LONDON, England - I am in despair! My colleagues all expect financial markets to react with a degree of certainty. Why do they not see this for what it is? We are in the midst of the excavation down to the bedrock. The sludge, dirt and sewage is being oiked out of the ground as we find the bottom. It is nasty and messy. And we are in the middle of it. There is no one moment when suddenly the ground opens up clear and it's all clean beneath.
What is happening at the moment is entirely to be expected. It's a process. It will take weeks if not months to bear fruit. And just like we never know we are officially in recession until months after it's started (sometimes after it's over) we can't point with any certainty to the moment when this thing will turn round – at least not until we see evidence of it. Those who believe that there is a single "eureka" moment are naïve.
So the markets keep falling as they excavate deeper and deeper ... looking for the bedrock. It will be found, of that I have no doubt, the only question is how much collateral damage to jobs, incomes, homes and wealth is caused on the way.
And of course the further we dig down, the harder and longer it takes to build back up again.
Now if my colleagues would only realize this...
TOKYO, Japan - A businessman on his way home from work stopped dead in his tracks, staring in stunned silence at the closing number on the Nikkei.
The Nikkei Index suffered a horrid day.
It closed down more than nine percent, a percentage loss not seen since the days after Black Monday in 1987.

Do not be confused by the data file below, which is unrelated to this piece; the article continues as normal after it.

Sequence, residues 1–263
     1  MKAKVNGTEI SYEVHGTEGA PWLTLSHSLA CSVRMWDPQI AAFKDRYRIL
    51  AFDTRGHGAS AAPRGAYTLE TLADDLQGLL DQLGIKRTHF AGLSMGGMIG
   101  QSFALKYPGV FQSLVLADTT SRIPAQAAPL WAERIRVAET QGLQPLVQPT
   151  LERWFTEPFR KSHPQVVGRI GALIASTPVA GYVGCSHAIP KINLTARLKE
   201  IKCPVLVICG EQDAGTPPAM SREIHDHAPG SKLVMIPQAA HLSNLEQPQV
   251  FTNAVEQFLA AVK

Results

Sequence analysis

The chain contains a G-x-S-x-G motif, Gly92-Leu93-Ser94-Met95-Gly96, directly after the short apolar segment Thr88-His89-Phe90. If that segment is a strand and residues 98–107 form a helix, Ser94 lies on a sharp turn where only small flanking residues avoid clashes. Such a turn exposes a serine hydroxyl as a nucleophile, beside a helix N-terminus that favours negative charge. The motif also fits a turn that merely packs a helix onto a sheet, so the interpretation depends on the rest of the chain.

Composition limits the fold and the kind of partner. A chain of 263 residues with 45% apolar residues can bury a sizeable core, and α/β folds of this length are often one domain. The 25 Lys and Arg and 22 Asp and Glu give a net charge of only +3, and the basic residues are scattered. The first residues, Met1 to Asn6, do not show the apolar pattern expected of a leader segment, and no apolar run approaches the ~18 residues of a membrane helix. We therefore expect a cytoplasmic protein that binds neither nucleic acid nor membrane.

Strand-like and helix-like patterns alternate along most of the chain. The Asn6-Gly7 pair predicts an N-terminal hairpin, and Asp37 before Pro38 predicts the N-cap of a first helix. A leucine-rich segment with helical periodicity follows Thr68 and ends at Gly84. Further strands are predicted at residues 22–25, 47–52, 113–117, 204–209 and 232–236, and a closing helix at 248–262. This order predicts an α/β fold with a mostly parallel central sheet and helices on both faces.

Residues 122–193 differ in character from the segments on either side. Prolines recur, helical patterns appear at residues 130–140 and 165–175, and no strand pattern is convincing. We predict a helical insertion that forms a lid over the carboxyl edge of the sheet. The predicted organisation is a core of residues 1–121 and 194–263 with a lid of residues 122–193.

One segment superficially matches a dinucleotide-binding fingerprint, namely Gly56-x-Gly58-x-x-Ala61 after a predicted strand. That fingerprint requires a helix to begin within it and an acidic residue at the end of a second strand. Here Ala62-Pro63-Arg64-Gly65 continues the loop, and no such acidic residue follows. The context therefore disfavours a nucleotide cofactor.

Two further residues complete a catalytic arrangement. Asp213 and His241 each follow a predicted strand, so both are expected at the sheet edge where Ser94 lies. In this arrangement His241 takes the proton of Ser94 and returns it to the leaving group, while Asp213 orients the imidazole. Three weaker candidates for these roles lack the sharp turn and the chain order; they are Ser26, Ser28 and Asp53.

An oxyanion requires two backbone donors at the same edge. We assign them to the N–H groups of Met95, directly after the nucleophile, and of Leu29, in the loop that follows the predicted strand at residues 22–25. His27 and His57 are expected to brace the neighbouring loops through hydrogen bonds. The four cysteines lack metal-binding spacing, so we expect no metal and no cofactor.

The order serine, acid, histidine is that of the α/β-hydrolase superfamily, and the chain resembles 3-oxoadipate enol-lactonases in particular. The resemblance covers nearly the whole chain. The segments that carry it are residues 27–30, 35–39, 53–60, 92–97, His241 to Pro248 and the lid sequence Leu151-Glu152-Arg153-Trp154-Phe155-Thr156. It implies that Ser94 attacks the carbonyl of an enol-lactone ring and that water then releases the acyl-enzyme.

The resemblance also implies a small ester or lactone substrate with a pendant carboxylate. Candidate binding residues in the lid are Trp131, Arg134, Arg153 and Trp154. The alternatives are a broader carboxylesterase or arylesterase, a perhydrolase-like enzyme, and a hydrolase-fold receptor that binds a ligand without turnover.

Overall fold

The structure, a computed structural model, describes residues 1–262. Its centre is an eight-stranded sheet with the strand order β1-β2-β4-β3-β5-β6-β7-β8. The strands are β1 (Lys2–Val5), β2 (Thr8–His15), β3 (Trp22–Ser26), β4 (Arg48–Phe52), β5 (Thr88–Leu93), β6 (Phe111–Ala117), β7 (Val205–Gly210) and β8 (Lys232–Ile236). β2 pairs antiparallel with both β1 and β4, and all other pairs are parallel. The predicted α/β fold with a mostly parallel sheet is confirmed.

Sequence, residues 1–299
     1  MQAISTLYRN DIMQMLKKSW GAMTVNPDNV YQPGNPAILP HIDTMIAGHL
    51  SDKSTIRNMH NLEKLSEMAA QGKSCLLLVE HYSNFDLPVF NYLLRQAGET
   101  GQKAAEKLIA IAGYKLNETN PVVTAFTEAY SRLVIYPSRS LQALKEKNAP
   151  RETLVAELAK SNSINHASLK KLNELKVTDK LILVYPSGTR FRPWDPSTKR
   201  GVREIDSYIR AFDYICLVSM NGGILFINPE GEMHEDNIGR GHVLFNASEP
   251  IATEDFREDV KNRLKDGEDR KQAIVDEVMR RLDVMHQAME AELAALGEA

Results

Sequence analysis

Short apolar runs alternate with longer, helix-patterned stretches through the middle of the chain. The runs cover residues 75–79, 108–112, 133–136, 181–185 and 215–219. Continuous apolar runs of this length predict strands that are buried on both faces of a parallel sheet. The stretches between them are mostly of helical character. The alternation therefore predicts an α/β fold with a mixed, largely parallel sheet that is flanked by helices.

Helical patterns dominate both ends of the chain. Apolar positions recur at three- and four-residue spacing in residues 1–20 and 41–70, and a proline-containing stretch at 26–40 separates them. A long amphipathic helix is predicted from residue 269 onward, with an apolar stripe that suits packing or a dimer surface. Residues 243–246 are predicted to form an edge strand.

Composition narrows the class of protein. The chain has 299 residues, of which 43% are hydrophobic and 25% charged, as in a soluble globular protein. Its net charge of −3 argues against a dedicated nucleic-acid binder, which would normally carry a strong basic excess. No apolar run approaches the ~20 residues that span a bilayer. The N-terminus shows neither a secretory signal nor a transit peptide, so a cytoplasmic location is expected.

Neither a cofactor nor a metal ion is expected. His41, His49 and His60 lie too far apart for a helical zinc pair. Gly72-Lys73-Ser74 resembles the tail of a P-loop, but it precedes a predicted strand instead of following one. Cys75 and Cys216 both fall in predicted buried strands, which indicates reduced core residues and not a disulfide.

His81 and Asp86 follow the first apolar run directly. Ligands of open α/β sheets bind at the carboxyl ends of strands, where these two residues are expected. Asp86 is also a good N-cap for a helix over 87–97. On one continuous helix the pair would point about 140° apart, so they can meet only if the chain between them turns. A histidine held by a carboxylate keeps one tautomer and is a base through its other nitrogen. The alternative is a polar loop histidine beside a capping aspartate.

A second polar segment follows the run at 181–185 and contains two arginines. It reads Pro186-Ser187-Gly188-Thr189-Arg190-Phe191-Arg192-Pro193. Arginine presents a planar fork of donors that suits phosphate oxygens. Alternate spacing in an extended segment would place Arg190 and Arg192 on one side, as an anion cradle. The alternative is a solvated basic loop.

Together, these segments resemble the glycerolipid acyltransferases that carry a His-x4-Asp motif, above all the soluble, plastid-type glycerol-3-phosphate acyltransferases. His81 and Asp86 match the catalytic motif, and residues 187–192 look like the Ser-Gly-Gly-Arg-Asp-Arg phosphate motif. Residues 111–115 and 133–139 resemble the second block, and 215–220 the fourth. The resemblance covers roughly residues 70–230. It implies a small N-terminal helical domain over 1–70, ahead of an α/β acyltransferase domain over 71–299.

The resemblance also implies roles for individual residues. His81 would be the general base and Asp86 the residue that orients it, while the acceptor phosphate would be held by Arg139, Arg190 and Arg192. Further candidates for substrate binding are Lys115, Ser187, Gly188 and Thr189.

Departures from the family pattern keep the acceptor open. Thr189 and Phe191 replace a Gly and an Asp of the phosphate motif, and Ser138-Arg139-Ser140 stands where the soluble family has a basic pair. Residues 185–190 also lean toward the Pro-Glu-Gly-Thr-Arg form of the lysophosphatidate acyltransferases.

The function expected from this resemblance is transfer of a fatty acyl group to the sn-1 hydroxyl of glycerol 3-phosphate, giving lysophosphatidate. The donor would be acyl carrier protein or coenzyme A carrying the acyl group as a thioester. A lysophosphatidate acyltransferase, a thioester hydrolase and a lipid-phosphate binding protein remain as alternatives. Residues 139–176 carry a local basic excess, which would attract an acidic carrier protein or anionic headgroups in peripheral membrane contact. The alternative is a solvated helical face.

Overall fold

"It was just like somebody dropping dead and then everything just collapsed," said economist Jesper Koll of Tantallon Research Japan.
But what caught my eye is not just the investor and analyst reaction to the bleak day in Tokyo, but the kind of person stopping to gape at the closing numbers. It wasn't just the investor rubbernecking at the board; it was the small business owner and non-investor.
The global credit crunch has some confusing and unfamiliar words to the Japanese worker: AIG, Lehman, $700 billion bailout... just to name a few.
But what is known across the board is how important the US consumer is to Japan's top tier businesses. Japan is an export-driven economy and the US consumer is its number one customer. If Main Street USA doesn't buy the latest Wii or get a loan for the 2009 Camry, that affects the Japanese worker's job at Nintendo and Toyota.
Analysts over the past week have been saying the Nikkei is reacting now to the global slowdown, not just the action by the US Congress or Federal Reserve. It cares more about the real economy, not just the financial crisis. And that is a much bigger concern and a palpable concern for Japan's bottom line, and why it's no longer just the heavy investor stopping to watch the market drop.
REYKJAVIK, Iceland - Shock has been replaced with anger. That is what one man here in Reykjavik told me this morning as he came out of the Landsbanki.
He went to check his savings and was told it was safe. He does not believe it.
An 18 year old student told me she has decided to take out her savings and pay off her mother's mortgage. That way she says she can't lose her savings, her mother can't lose her apartment, and they have a tangible asset. Smart.
They both told me they are embarrassed that the world is watching for all the wrong reasons.
LONDON, England - With banks failing across the world, where do you go for a loan? If you're lucky enough to have money, where do you park your hard earned cash? A bank? Maybe. But there are alternatives online.